Nancy J. Webb remembers Christmas Day a year ago didn’t go well at Bagram Airfield in Afghanistan.
The sprawling base was subject to rocket attacks, one of many that happened before and after that day.
This was a holiday, but no break from a reminder where she and her fellow troops were at in wartime.
“Really it’s ‘Here we go again and I hope nobody gets hurt,’” said Webb, a senior master sergeant in the Air Force. “You know where you are, you know the possibility and the threat that’s in a location like that. Not the first time we had it; certainly not the last.”
Webb, who returned to the Miami Valley from her latest deployment, is the superintendent of the command center at Air Force Materiel Command headquarters at Wright-Patterson Air Force Base.
Like hundreds of thousands of service members, she has spent the holidays apart from her immediate family numerous times, often so other airmen can go home. She has deployed 10 times, serving in Iraq and elsewhere around the globe, from Japan to Germany.
Last year, more than 190,000 service members were deployed overseas, according to the Pew Research Center analysis of Pentagon data. Thousands served in combat zones in places like Afghanistan and Syria.
Just six weeks before Christmas last year, a suicidal attacker detonated an explosive vest at Bagram, she said, and troops were still recovering from the shock. The attack killed four Americans and injured 16 U.S. service members and a Polish soldier while the group was preparing for a run, CNN reported.
“I was about 250 yards away from it in my quarters, and it about knocked me out of my bed when it happened,” Webb said.
It was the potential for danger, or the unknown, that worried her family.
“We know she’s going to be OK, but the unknown is a big if, especially in a war zone,” said Matthew Webb, 39, and the brother of Nancy. “It doesn’t get any easier over time, but I guess you get accustomed to it.”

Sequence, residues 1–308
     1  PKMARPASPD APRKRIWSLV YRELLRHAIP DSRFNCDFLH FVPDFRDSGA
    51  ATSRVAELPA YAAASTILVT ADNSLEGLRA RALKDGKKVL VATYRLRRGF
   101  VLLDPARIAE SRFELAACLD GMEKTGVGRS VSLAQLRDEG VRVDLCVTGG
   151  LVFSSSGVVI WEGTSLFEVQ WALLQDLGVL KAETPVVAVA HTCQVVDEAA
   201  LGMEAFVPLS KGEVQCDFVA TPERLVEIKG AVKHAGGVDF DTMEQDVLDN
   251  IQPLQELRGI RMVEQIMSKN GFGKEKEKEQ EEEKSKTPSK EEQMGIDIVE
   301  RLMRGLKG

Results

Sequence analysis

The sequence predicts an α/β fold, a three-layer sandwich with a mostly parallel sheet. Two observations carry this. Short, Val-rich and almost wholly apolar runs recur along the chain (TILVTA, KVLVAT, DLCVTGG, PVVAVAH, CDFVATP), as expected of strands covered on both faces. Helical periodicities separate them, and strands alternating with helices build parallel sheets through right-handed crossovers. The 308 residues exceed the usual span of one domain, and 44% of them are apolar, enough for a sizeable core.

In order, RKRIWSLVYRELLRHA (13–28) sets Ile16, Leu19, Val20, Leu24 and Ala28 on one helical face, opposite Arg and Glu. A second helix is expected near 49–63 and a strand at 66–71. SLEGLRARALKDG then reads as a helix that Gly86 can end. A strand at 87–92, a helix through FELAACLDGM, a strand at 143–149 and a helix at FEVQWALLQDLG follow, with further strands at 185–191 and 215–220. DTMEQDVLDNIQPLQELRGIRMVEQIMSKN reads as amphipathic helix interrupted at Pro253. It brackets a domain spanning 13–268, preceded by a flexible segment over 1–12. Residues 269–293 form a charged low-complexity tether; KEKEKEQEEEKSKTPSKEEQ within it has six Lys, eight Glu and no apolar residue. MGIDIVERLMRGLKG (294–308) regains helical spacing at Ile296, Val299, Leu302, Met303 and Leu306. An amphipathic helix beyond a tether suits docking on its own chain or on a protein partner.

Nancy Webb said it’s hardest on her elderly parents.
“Mom and dad, they probably take it harder than I do,” she said. “The older they get, it’s also more difficult being apart.”
“There’s a lot of tears shed,” she added. “The most difficult part for my parents was when they saw stuff in the news and sometimes it was very difficult to get a message out when something would happen. So there was a lot of uncertainty on their end of was I OK.”
Treating the wounded
Maj. Melissa Seacat, 48, is an Air Force reservist and flight nurse with the 445th Airlift Wing at Wright-Patterson on a deployment to Ramstein Air Base in Germany, flying missions to Afghanistan to bring home wounded troops.
“We all know that sometimes being separated from our family can be difficult, and I think we work well to combat that,” she said in a telephone interview on her second four-month tour of duty overseas.
As a nurse, she’s accustomed to working holidays, she said.
“Working holidays while deployed is not that much different. There are people who are sick and injured who need help, and that’s what we do,” she said in an email. “Our families see our dedication to patients at home, which gives them an understanding of it while deployed.”
She and her husband Bradley Seacat, 51, stay in touch through the internet.